Beauty Bitch: False Claims in Ads

BATD ON Aug 28, 2009 AT 4:02 pm

The banned Nivea DNAge Advert

The banned Nivea DNAge Advert

So, the advert for Nivea DNAge Cell Renewal Day Cream has been banned by The Advertising Standards Authority for suggesting that any firming action may be permanent. Good. It’s about time that some of the ridiculous claims made by beauty brands are called into question. But Nivea are by no means the first to be called to account for their boasts about what a beauty product can actually do for the skin. 

ROC, Olay and Estee Lauder have all had a knuckle-rapping by the ASA for misleading claims, and given that a face cream that truly can knock years off your face is the holy grail of skincare, it’s about time we actually started to properly question exactly what these pricy purchases can really do, instead of throwing money at the problem and hoping for a miracle. 

The ASA website, by the way, is a fascinating read…very often complaints about beauty adverts are actually levelled by competitor companies, and not Mrs Wrinkled from Tunbridge Wells. On the one hand, competitors are probably best placed to know if a claim is spurious, yet on the other, their complaints still manage to sound like sour grapes. Even if only one person complains about an advertisement, the ASA diligently sets forth to discover whether the complaint is valid. What’s surprising, however, is how little we question our beauty brands. The slew of ‘slimming’ creams released this year should be first on the agenda: I’ve tried a couple, knowing they’d do nothing, and sure enough, they didn’t. Two weeks of applying some runny substance to your overhang is never going to be any substitute for diet and exercise.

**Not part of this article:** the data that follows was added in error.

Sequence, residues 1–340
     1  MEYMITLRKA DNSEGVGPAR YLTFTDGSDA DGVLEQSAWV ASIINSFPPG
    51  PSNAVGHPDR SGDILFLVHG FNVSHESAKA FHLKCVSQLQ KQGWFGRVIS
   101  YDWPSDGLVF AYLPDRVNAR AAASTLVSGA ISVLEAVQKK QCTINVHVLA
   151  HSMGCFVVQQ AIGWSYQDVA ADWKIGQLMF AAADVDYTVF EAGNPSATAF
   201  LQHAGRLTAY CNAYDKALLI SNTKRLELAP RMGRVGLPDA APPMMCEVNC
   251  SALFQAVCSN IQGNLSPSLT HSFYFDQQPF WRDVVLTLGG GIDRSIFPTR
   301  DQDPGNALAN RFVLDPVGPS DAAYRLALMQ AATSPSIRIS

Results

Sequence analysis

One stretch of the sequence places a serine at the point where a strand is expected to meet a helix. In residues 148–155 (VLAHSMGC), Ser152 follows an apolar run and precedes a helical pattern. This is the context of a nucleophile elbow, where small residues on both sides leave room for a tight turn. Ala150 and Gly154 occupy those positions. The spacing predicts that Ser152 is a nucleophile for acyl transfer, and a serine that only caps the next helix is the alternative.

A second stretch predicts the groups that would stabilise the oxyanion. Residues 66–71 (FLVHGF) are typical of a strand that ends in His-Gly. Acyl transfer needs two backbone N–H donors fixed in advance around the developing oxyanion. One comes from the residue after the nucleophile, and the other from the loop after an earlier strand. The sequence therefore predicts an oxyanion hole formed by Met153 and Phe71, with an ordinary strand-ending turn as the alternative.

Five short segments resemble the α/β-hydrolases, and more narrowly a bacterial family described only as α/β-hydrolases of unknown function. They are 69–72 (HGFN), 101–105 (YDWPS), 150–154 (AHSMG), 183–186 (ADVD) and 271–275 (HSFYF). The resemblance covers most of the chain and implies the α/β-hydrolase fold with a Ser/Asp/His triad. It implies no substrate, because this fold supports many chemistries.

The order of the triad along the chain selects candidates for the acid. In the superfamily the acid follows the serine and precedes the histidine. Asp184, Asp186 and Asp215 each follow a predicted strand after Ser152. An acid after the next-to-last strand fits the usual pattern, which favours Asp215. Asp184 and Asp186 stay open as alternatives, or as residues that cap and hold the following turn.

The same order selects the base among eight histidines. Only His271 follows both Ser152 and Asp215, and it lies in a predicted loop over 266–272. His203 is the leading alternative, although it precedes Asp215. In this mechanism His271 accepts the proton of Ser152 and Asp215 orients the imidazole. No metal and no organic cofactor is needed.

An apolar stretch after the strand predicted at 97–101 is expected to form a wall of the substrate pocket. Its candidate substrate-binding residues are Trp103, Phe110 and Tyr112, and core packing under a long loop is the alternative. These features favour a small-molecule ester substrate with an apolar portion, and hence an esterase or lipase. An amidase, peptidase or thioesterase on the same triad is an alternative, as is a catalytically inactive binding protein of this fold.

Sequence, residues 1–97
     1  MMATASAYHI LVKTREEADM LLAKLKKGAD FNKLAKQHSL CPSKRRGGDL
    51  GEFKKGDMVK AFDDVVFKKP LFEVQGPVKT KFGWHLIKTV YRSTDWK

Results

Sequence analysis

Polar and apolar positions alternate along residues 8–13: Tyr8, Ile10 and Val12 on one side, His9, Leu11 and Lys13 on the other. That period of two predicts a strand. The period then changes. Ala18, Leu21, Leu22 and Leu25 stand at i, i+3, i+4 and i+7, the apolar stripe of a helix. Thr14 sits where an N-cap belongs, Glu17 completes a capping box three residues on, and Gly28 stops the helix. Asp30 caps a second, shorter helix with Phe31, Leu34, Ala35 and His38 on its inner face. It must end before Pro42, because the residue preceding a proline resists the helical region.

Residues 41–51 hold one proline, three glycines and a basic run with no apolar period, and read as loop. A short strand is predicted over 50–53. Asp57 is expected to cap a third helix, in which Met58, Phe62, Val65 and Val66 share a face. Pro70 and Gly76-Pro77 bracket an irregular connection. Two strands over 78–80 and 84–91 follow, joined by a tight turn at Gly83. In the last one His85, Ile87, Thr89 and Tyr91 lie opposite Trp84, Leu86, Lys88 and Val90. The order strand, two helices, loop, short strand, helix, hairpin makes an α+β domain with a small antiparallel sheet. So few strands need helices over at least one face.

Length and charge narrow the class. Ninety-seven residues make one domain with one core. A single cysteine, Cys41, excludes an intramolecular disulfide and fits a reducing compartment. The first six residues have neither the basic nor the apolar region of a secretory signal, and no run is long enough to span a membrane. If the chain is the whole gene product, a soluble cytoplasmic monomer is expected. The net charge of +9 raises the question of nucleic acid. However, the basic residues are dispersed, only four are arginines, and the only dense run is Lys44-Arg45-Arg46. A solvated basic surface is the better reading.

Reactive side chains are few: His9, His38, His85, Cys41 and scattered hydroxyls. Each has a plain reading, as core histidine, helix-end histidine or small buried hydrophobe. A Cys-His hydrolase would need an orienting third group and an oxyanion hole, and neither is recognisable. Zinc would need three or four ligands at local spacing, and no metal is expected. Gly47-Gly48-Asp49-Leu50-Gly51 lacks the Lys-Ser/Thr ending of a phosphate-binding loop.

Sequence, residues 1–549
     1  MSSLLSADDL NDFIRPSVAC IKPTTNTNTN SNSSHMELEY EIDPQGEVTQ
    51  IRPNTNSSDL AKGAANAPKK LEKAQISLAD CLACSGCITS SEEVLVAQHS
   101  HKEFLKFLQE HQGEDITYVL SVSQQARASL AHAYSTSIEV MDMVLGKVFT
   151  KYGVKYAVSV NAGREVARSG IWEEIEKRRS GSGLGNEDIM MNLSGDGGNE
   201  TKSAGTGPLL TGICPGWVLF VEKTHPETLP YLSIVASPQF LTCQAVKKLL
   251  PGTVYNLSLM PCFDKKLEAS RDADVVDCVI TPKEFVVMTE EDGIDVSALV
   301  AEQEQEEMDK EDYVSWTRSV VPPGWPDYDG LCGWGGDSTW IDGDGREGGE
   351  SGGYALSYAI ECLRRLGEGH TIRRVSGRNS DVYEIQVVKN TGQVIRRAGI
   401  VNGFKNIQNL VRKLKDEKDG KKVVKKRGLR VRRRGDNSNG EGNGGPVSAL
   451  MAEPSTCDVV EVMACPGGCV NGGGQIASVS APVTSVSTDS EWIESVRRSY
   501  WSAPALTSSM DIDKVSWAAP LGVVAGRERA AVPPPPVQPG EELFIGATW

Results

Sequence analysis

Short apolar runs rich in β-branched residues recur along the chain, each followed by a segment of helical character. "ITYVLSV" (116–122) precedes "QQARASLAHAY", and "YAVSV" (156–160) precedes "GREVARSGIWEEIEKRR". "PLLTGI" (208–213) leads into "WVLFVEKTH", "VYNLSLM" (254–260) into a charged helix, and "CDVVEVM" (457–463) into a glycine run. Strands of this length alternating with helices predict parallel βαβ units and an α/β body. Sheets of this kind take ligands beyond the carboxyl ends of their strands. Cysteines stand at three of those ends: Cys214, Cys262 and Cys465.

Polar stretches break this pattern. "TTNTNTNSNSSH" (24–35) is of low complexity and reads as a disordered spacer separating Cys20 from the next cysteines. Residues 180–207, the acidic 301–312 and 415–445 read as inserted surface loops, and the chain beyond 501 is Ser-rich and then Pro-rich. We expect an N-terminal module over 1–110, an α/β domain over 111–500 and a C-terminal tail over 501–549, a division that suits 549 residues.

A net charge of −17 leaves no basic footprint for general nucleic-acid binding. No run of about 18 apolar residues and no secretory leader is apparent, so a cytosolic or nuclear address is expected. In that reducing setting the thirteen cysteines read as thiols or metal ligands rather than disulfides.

Penelope Cruz

Penelope Cruz

I’ve lost count of the number of times I’ve sat with a PR who is positively breathless about the amazing capabilities of the small, but disproportionately priced, lotion placed in front of me. More often than not, these very beautiful and very young girls haven’t reached a time in life where even the smallest crease or wrinkle has yet to trouble their complexions. So, it’s galling to be lectured on the benefits of anti-ageing by someone for who has very little concept of the ageing process, never mind an inkling of the meaning of Langerhans cells. No wonder they can deliver a glorifying monologue on the marvels of science-led skin care without a trace of irony, because they have yet to discover that very few have any discernable impact. I sometimes wonder if we fast-forward twenty years, if any of them will have a flashback and feel a tad guilty.

Consumers, too, have to take their share of responsibility. It’s the old adage again – if sounds too good to be true, then it probably is. Why do we believe that we’ll look even vaguely like Penelope Cruz simply from buying a mascara? Or that we’ll suddenly find the fountain of youth in a tube? There’s no shame in looking after your skin, making what are commonly now known as ‘investment’ skincare purchases (i.e. very expensive) or enjoying the luxury of a pampering facial. But, don’t take it on face value that your beauty buys will bring the revelatory difference that the ads suggest it ‘might’.

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